I stopped talking. Picked up my things and left.

As I was walking down the classroom block I heard Rofina say “Now look what you have done. You have made Madam annoyed with us!”


15 March 2010 – Today I walked out on a class

The Form Three Home Economics class pushed me too far today. Here’s the back story. The school calender I have says that classes will end April 14. This morning at assembly I found out that is not so, since Easter is the first weekend in April, we will send the students home 31 March, two weeks early. Therefore this week should be for revision but I was having a class test. How was I going to revise with them. How would they know what they needed to study since I probably would not get the class test back to them before exams. Ah-free-kah!

So I tossed around the options. Don’t give the class test and just revise.(No the Form 2s need the chance to take more tests from me to prepare for the end of year exam.) Give the class test and revise with them in the evening. (Yeah like I could be effective at 7:00 pm to 9:00 pm!) How can I correct all those tests in time for them to see what they don’t know? I’ve got it. I’ll give the test then we can mark it in class and that can be a revision as well.

Three C is very close to my heart. They were some of the first students I met, when I came on my site visit. They are full of life and laughter and they love to sing. The girls in the class love their Madam. Other masters say they are not serious. Well not always but they do know their food and nutrition and plenty of them are serious about the computer. I’ll admit that I am loose with that class but we usually get our work done. The class meets the last two periods of the day and we are all tired and hot by the time I get there so that is another reason I cut them some slack.

At 12:35 I entered the classroom. I greeted the students and I joked with them and asked if they were ready for the test.They began to moan and complain. I quieted them down and said to take one sheet of paper and put all other books and papers away. They were still moaning and complaining and not complying with my request so I walked around the room and assisted them in putting away their books and papers.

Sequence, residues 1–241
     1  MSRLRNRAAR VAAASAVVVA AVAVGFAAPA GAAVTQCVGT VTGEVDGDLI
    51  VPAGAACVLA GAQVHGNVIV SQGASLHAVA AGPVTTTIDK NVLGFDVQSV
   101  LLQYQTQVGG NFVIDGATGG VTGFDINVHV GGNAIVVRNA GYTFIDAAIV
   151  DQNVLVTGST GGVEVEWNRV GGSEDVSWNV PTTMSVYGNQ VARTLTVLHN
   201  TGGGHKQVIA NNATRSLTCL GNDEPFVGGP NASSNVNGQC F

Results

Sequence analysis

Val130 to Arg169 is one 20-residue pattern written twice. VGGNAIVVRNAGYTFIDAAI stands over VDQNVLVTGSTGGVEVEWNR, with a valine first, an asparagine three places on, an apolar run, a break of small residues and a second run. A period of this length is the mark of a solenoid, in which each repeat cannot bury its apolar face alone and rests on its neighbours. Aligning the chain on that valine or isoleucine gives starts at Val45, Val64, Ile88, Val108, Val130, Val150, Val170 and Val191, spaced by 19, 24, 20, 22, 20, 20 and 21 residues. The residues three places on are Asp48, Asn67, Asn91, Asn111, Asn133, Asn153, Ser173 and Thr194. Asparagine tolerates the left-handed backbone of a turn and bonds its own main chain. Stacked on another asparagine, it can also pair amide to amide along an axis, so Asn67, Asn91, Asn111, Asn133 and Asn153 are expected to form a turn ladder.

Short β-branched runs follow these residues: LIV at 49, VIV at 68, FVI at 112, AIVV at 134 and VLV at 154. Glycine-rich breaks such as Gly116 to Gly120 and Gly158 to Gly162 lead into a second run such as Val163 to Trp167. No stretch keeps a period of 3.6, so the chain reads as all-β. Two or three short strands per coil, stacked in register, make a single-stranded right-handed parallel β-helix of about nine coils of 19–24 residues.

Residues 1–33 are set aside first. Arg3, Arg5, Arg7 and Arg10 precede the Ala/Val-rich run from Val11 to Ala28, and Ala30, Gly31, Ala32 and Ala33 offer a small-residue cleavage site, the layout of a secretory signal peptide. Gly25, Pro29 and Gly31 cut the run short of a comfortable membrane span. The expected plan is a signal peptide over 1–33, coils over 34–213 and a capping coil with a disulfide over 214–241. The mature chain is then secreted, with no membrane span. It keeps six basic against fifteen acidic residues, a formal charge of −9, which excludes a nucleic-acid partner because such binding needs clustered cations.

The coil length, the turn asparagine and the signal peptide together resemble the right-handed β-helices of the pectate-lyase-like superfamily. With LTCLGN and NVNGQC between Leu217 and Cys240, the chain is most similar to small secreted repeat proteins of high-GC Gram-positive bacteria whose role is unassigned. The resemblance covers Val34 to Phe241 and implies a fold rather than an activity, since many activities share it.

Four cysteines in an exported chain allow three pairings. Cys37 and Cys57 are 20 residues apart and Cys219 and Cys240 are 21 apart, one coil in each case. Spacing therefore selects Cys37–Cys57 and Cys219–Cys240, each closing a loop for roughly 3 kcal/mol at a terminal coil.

Finally the test was under way. About 10 minutes into the test people began to talk. I walked to three different people and asked them if they had any questions. “No Madam” each one replied. The class quieted down.

When I announced that there were 10 minutes left, students who were finished left the classroom. I reminded them that we would mark the exams and to stay near the classroom so I could call them. When I announced there were five minutes left the remaining students begged for another 5 minutes. I gave it to them. It was the first time I had given this test and maybe 30 minutes was not enough time.

When the extended time was up I told the remaining students to put their pens down. Many did and they passed their papers to the front. Some did not. So I walked around and collected the papers from them. When I do this I take the pen and then the paper. Usually students are very compliant to this routine but today one student held the pen tight and tried to keep writing. I said to her if you had focused more on writing during the test you would have had plenty of time. One student said “Madam I need to put my name on it and continued to write her answer. I snatched the paper, it tore small small. I showed her that her name was on the front. I had seen her put it there when I walked around during the beginning of the test. As I was collecting the test Jane (name changed to protect the guilty) had two papers on her desk. I took them both, I assumed she was recopying her paper, but no it was someone  Marsha’s (again, name changed to protect the guilty). Marcia is a one fo my daughter’s who visits my house frequently, but not Rofina or Portia, and I was shocked. I put a zero on both papers and expressed my disappointment with both of them. They tried to explain there in class. I told them to talk to me after class.

I asked the class captain to call the rest of the students back into the classroom so we could mark the papers. I explained again that I wanted to mark them today so that they would know what they needed to study for the end of term exam. My voice rose as I was explaining as the class began to chatter amongst themselves. I stood and waited, my usual strategy to get a class to quiet down. “Be quiet, Madam is waiting’ “Sssssssss”(the Ghanaian shhhhh) “Quiet down we are going to mark” came from the class and they were quiet.

I gave the answers to questions one through four each time raising my voice a bit higher above the noise. I tried reason. “Be quiet” I said “we won’t meet again. Don’t you want to know how you did so you can study for the exam?” I looked around Mary-Emmaculate, Charles, Christiana and a few others were with me. The others were quiet but clearly uncaring. I turned to put the equations on the board for question 5. The noise erupted again.